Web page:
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Chhandah Shastra, dealing with the Rig-Veda and Yajur-Veda is a treatise on chhandas or metre, and gave its name to one of the six Vedangas, inaugurating a considerable literature on the subject and thus becoming the starting point of prosody. In Pingala's work, which belongs to the sutra type, we find for the first time the use of algebraic symbols. A later work on Prakrit measures is also attributed to Pingala. Works on metre were written by or ascribed to Kalidasa, Vararuchi and others.

Classical Sanskrit metre is quantitative, as in Greek and Latin, based on long and short syllables, and not, as in English, on stress. The unit of quantity is the matra, which is the time taken to pronounce a short vowel. A long vowel counts as two matras, and a vowel is long according to its nature or position. The final effect of a Sanskrit verse depends on the vritta, 'turn' a combination of factors including metre, accent (where it exists), number of syllables, and the rhythm of the verse ending.

The 'ideal' verse or stanza consists of four lines, like the four 'feet of a quadruped. Each line is called a pada (lit. `foot'), which term is not used in the same sense that foot is used in English Prosody i.e. consisting of two or three syllables. The Sanskrit pada represents the metrical unit, and the term pada can mean, 'foot', 'quarter', 'fourth', or simply, 'line'. Each pada or line generally consists of from eight to twelve (sometimes even more) syllables, although a shorter or syllabic line is also employed. There are five principal metres, namely:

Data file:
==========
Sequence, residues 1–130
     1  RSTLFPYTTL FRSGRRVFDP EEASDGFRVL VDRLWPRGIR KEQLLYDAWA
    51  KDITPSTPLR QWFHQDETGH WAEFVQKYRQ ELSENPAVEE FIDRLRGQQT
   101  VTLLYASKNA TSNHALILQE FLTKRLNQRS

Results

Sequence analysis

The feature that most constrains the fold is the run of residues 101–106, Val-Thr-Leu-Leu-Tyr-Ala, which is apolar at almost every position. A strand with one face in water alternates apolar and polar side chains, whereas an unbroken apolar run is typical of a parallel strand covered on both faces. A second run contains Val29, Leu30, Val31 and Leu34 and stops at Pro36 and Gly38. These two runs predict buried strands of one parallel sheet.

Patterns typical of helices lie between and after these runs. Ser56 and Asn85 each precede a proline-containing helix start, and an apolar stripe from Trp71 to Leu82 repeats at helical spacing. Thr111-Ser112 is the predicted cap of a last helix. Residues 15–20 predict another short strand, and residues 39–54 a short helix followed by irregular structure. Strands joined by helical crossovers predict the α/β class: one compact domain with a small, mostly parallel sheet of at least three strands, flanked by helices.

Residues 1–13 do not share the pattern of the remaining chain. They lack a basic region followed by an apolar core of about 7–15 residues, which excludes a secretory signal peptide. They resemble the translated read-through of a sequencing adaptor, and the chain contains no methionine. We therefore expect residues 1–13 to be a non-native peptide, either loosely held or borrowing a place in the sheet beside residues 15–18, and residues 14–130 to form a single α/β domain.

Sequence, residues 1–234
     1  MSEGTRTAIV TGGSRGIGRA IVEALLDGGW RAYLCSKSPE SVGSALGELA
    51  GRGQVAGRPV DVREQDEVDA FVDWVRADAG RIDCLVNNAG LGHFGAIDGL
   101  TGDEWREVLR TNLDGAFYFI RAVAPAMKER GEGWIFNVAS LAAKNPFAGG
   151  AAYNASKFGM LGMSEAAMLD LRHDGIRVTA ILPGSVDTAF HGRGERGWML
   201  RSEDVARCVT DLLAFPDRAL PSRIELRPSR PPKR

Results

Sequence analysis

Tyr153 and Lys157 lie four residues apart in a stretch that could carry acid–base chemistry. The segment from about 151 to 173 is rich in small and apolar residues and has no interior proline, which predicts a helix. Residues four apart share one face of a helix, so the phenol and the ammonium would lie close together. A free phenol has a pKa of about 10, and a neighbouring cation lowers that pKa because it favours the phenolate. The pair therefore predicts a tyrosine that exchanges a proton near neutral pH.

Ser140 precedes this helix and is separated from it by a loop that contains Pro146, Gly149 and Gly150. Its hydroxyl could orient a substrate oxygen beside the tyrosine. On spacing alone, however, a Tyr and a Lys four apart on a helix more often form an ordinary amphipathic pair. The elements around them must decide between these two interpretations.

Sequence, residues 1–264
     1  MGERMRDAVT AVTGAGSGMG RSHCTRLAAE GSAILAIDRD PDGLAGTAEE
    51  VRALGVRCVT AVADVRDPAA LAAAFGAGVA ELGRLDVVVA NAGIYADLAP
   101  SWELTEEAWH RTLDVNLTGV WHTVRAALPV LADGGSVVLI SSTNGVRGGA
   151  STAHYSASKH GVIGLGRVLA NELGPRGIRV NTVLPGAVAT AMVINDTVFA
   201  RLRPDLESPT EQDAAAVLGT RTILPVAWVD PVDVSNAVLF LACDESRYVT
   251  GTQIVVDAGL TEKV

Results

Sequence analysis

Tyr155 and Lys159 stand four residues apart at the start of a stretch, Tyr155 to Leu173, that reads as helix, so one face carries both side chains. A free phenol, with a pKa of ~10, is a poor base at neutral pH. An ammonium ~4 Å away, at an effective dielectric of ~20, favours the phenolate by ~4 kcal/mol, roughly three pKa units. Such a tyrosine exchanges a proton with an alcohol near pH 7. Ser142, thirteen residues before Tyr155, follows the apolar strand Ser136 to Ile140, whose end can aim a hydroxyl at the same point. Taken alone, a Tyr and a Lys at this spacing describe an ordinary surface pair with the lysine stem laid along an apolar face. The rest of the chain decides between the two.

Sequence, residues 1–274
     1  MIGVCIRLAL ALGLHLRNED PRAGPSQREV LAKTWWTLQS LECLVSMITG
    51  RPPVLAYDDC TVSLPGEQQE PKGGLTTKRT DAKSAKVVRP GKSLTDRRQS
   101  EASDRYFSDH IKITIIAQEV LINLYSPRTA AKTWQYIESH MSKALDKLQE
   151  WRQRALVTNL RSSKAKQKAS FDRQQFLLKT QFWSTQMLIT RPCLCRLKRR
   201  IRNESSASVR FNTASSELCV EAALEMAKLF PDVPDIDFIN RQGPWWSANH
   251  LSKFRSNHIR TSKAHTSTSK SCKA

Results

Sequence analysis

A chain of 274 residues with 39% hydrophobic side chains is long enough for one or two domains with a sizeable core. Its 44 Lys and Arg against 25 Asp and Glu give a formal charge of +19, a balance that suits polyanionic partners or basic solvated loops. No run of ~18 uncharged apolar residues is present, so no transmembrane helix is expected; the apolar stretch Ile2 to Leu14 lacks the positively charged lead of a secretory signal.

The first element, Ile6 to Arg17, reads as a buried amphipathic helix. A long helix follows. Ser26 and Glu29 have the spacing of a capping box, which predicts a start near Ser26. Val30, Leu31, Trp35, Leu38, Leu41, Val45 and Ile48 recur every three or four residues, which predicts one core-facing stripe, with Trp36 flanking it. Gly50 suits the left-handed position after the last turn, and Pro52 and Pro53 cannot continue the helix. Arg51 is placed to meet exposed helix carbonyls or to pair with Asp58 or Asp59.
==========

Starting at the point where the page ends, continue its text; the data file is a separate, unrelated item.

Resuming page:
1)Gayatri (from the Gayatri mantra), a Rig-vedic metre consisting of three sections of eight syllables each.

2)Anushtubh, a stanza of four lines of eight syllables each.

3)Shloka, a loose measure developed from the Vedic anushtubh, it also consists of four padas of eight syllables each.

4)Trishlubh, consisting of four padas of eleven syllables each with a caesura after the fourth or fifth syllable.

5)Jagati, like the trishtubh, consisting of four padas, but with twelve syllables per pada.

The commonest of the lesser metres are: viraj, consisting of padas of thirteen (sometimes ten) syllables; it is to be used by those who desire abundant food; sakvari, consisting of fourteen syllables to the pada; atisakvari, nineteen syllables to the pada; it is used by those who desire life; brihati, thirty-six syllables to the pada; to be used by those who desire prosperity and glory.

In addition to these there are some metres determined not by syllables but entirely by the short vowels (matra) they contain, the most famous being the arya metre, also called the gatha.